Table 4. Secretion of IFN by whole blood cells, stimulated with PWM and PHA in patients with minimal, moderate, and far advanced tuberculosis.
Values are medians and means ng/ml SD *P<0.05 in relation to the minimal disease group

Table 5. White blood cell counts in patients with minimal, moderate, and far advanced tuberculosis.
Values are medians and means SD. Statistical significance was accepted at the level of P< 0.05; Mann-Whitney U test. *Exclusive of the CD4/CD8 ratio. +P<0.05 in relation to far advanced disease group; ++P<0.05 in relation to minimal disease group.


DISCUSSION

It is generally accepted that immune responses to M. tuberculosis are biphasic, with Th1-IFN cellular response detected early and Th2 response detected late in the course of infection (1, 4). In the present study, IFN formation, after specific and non-specific stimulations in different forms of Tb were evaluated.

We showed that the total count of lymphocytes and T and CD4+ lymphocytes were depleted in TB patients compared with healthy contacts, although the difference failed to achieve statistical significance. A decrease in lymphocyte subpopulations in TB has not been confirmed in some studies (9, 10). In others, lymphopenia and, in particular CD4 lymphopenia, was found in TB patients before initiation of therapy (11). The total number of lymphocytes and their subpopulations in the peripheral blood is associated with the phase of TB and is related to demographic and clinico-radiological factors. Lymphopenia is more often observed in advanced disease stages (12, 13). In our material, the number of T lymphocytes, CD4+ T, and CD8+ T lymphocytes also was significantly lower in advanced disease than those in patients with minimal lesions. Decreased CD4 count has been found in a study by Antas et al. (14) in patients with extrapulmonary TB. The depletion of T lymphocytes in the peripheral blood of TB patients may be explained by a phenomenon of compartmentalization of the immune response with local activation and systemic depression of immune reactions. This phenomenon is highlighted in sarcoidosis, but it is also observed in a number of other granulomatous diseases, including TB (10, 12).

The ability of PBMC to secrete IFN after stimulation with PHA and PWM did not differ between TB patients and healthy contacts. Similar results have been obtained by Morosini (15). On the other hand, Garcia et al (16) found a diminished number of lymphocytes positive for IFN after polyclonal stimulation in TB patients. Also, Toossi et al (17) observed diminished IL-2 production after stimulation with streptolysin. The discrepancy of those results may be due to heterogeneity of TB phase and radiological extensiveness of the disease in examined populations. According to our present observations secretion of IFN after non-specific stimulation was diminished in far advanced disease and in patients with septic course of the disease.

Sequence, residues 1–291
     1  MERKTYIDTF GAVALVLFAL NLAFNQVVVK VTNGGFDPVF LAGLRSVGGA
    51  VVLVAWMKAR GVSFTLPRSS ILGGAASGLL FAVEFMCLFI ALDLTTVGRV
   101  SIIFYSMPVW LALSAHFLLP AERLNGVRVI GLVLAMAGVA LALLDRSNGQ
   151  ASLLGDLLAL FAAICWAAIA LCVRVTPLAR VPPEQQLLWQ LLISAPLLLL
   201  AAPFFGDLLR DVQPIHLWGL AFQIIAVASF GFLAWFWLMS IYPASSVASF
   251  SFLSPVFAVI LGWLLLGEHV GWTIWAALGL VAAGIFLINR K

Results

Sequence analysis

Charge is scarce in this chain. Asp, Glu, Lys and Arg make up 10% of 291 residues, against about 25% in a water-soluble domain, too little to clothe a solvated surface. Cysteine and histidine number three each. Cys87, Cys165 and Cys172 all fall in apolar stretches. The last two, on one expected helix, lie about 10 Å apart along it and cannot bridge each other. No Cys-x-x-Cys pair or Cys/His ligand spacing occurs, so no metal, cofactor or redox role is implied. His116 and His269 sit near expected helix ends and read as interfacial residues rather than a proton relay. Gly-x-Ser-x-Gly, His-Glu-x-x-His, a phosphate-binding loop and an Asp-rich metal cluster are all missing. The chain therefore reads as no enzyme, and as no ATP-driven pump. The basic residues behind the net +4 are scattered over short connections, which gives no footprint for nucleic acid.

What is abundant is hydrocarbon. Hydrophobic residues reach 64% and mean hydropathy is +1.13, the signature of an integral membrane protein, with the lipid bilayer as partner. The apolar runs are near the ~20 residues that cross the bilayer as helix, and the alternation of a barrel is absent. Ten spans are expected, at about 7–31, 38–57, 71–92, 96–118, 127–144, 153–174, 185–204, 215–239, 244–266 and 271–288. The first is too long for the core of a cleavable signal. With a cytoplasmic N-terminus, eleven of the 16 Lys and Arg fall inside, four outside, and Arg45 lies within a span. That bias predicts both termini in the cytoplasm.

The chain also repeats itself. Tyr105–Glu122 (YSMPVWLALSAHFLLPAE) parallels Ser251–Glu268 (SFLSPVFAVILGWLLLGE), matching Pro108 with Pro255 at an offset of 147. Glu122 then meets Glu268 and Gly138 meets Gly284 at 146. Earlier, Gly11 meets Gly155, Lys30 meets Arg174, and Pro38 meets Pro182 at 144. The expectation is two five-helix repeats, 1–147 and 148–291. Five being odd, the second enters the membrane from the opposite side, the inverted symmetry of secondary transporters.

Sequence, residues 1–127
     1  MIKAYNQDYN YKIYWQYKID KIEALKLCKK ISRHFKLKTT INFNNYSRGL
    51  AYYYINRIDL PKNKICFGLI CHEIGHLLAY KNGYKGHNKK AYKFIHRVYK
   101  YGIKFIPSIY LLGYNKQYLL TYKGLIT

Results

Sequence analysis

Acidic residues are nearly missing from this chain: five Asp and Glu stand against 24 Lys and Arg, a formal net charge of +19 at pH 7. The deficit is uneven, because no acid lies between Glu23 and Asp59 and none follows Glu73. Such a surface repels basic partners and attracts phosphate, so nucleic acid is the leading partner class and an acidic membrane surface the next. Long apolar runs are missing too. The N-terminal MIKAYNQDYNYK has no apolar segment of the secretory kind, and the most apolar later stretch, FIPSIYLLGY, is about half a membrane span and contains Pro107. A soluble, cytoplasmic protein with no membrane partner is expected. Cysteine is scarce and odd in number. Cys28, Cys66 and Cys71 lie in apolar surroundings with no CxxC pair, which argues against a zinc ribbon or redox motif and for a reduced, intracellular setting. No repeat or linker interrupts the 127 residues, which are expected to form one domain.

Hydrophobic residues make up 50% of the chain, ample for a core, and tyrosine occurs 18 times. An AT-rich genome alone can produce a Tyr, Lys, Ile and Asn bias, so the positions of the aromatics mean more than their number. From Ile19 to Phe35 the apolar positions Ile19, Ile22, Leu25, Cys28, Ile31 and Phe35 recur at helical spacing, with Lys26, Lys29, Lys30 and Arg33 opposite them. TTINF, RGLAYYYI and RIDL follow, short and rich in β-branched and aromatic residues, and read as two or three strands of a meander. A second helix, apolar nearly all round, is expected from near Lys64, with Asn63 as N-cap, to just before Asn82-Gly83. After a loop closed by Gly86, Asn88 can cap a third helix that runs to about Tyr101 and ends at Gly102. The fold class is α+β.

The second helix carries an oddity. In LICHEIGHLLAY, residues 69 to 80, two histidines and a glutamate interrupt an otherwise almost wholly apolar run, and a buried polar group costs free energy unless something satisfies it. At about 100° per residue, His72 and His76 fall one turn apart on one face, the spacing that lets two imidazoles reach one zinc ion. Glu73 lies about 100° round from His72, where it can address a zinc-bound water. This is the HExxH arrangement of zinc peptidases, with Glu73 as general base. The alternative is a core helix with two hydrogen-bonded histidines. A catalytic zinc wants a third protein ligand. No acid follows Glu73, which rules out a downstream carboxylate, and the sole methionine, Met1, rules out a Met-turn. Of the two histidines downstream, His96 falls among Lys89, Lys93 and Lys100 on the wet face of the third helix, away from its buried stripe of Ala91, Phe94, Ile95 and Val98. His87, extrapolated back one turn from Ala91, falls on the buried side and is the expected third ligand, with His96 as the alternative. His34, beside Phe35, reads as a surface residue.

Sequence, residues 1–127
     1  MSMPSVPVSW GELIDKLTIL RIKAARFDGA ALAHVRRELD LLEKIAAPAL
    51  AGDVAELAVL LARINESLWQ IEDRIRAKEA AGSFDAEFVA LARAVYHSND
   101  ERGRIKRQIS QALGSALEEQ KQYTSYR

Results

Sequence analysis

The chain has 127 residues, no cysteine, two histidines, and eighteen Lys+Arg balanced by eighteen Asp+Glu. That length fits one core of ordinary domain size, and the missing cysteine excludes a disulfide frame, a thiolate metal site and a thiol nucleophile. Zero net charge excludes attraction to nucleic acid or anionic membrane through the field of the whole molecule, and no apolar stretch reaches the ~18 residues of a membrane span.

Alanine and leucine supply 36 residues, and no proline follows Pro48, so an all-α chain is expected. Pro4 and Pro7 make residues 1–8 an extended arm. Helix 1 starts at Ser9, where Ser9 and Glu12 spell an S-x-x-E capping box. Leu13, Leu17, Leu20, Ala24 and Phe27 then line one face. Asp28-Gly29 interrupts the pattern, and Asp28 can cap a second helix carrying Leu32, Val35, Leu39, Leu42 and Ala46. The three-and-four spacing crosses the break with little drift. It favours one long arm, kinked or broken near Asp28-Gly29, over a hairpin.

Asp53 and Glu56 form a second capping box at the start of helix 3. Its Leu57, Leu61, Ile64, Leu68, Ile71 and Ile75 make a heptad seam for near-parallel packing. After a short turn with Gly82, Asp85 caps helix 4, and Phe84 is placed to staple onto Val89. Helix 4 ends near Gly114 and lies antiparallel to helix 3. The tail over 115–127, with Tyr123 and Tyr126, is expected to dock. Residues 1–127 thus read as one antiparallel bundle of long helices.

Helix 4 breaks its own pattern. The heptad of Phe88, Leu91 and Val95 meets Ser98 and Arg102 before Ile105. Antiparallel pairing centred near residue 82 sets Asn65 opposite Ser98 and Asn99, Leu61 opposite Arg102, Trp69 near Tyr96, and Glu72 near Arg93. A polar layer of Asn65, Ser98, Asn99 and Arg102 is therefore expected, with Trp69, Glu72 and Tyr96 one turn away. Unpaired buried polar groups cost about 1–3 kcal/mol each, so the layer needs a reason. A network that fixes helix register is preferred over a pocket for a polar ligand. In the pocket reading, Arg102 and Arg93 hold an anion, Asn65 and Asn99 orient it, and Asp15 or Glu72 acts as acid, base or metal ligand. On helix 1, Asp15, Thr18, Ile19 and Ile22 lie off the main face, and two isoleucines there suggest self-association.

In the present study we also showed increased IFN production in PPD-stimulated cultures from TB patients compared with healthy contacts. Results presented in the literature are inconsistent. Many authors have found a weaker production of Th1 cytokines after stimulation with specific antigens among TB patients (18-20). On the other hand, Dlugowitzky et al. (21) found that the production of IFN, TGFb, and TNFa, after stimulation with whole sonicat from Mycobacterium tuberculosis, was increased in TB patients in comparison with controls. Fortes et al. (22) found a higher number of lymphocytes positive for IFN after stimulation with ESAT-6 in patients with non-resistant TB compared with controls and with patients with drug resistant TB. The same observations were noted by Ferrand et al. (23) in a group of TB patients in comparison with healthy BCG vaccinated controls. Also, Morossini et al. (15) have found that the number of IFN secreting cells after stimulation with PPD was higher in TB patients than in controls. This result was confirmed by Ulrichs et al. (24) in the blood cell culture stimulated with ESAT-6 mycobacterial antigen.

The discrepancies may be due, at least in part, to different methodologies applied in the studies and to the diversity of clinical presentations, phase, and extend of TB in different examined groups. It is a well known phenomenon that IFN production by PBMC diminishes in far advanced TB (21, 25, 26). That was also confirmed in the present study. Decreased production of IFN in far advanced disease could be related to diminished number of CD4+ and CD8+ lymphocytes in the peripheral blood. This may be due to compartmentalization of the immune response resulting in transfer of activated T cells to the sites of active inflammation (10, 12). This effect was not seen in patients with septic course of the disease. Progression of the disease may be also explained by the hypothesis of polarization of the immune response, which causes a shift toward the humoral arm that is not able to combat the disease. However, it is unclear if such an imbalance is a primary phenomenon followed by progression of the disease, or the other way around.

Conflicts of interest: No conflicts of interest were declared by the authors of this article.


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R e c e i v e d : May 15, 2008
A c c e p t e d : August 8, 2008

Authors address: J. Winek, Third Department of Chest Diseases, National Tuberculosis and Chest Diseases Research Institute, Plocka 26 St., 01-138 Warsaw, Poland; phone: +48 22 4312218, fax.+48 22 4312408; e-mail: j.winek@igichp.edu.pl